Sue Anne Brent, a charge nurse in Jail Health Services, was more than a little skeptical when she heard about Lean in King County. “I thought it was punishment,” she jokes. “I’ve been at the county for 16 years, long enough to know there is a lot of talk talk talk about ‘we are going to change things.’ But it was never us saying how we want to change things; it was always some entity who doesn’t do our work.”
Her Lean “aha moment” came during a process walk, when she and her team carefully watched the step-by-step work of developing the nursing care plan as their colleagues went through it. They were able to see ways to do their own work better. Moreover, they were able to do something about it. As she says, “I found we could make changes at our level. We are running our own show.”
A process walk may have convinced Brent to buy in, but it was not an easy sell.
In fact, the first time Sue Anne Brent did a process walk, she didn’t really do a process walk. “I’m still a little rebellious,” Brent confesses later. “I met with my team and we discussed the process. We didn’t think we needed to walk the process because we thought we knew the process.” As often happens, talking about the process didn’t reveal much insight.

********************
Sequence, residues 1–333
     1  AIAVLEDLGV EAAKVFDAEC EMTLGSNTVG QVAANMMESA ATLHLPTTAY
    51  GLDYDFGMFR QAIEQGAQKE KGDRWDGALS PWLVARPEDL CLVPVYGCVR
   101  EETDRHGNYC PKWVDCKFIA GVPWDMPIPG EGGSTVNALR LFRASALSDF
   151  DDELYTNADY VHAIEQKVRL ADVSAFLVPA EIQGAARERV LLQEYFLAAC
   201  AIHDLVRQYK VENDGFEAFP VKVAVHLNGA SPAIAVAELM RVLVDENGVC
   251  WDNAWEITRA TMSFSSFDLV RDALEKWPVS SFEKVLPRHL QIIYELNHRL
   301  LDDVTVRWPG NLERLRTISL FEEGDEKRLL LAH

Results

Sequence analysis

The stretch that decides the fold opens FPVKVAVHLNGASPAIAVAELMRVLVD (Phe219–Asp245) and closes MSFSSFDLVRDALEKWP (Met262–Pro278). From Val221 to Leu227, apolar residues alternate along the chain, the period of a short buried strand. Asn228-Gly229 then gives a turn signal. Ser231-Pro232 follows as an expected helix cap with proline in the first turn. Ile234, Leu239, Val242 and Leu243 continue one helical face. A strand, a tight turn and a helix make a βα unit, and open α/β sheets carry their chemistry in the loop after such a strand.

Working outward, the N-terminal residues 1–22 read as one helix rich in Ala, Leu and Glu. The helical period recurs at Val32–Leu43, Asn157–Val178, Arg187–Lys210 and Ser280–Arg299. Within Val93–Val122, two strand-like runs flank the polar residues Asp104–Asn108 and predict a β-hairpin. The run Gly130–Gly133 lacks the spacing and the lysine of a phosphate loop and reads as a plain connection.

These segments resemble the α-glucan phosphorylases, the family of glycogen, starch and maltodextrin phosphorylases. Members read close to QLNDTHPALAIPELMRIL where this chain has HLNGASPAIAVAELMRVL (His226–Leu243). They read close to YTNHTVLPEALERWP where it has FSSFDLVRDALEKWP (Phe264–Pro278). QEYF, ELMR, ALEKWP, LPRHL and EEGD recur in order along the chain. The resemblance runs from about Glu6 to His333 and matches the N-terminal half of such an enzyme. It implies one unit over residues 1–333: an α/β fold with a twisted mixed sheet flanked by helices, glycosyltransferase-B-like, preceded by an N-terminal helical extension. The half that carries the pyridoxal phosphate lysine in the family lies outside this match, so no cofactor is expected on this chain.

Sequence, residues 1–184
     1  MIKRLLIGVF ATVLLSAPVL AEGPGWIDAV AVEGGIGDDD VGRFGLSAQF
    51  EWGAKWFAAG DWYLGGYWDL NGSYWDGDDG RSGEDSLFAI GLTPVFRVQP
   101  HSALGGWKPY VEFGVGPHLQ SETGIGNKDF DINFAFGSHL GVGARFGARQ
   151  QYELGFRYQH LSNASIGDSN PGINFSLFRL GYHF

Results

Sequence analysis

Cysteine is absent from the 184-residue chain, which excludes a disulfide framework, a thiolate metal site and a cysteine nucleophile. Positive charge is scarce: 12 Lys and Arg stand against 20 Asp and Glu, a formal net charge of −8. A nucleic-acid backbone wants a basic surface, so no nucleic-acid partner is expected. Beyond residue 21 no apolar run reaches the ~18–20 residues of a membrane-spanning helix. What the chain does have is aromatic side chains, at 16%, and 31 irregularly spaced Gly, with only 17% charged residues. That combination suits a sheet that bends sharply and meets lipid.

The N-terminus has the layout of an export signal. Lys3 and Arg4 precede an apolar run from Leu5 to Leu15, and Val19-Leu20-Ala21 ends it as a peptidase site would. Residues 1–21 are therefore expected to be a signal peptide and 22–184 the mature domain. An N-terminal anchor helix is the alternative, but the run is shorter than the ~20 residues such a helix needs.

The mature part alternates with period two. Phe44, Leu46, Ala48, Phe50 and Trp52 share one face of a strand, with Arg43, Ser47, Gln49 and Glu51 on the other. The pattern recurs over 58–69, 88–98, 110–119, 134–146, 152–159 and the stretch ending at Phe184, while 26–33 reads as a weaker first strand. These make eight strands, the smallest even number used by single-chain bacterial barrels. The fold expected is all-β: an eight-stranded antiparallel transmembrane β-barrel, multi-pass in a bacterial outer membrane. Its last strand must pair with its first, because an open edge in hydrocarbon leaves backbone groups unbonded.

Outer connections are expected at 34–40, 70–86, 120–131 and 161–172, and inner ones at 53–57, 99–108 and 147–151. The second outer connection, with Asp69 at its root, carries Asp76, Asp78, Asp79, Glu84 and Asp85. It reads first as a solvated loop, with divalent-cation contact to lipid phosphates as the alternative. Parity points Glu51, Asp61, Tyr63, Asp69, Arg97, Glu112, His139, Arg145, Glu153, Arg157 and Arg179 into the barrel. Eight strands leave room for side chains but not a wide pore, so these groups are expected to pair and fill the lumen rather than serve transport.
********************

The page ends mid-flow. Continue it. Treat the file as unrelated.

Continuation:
Becca Cole, Brent’s Lean coach in the Creating Continuous Improvement course, told her that sitting in a conference room and talking isn’t a process walk. “What she’d talked about in the conference room was not reality,” Cole explains. “When you talk about how you do the work, you selectively or subconsciously edit. You really have to go to the work site and see the work happening; watch the real process.” Cole went with Brent to actually do a process walk.
Brent’s real process walk was an eye opener. “We knew there was waste, but it was amazing how much waste when we actually wrote it down.” Computers and electronic documentation has made some of the paperwork in the nursing care plan redundant, which Brent and her team knew even before the process walk. But seeing just how much of the work was waste—and how some of the value-added steps could be done in other ways—inspired them to make some changes.
Following the process walk, Brent’s team identified waste in the existing process that could be eliminated and found ways that the truly value-added steps could be retained or combined with other processes.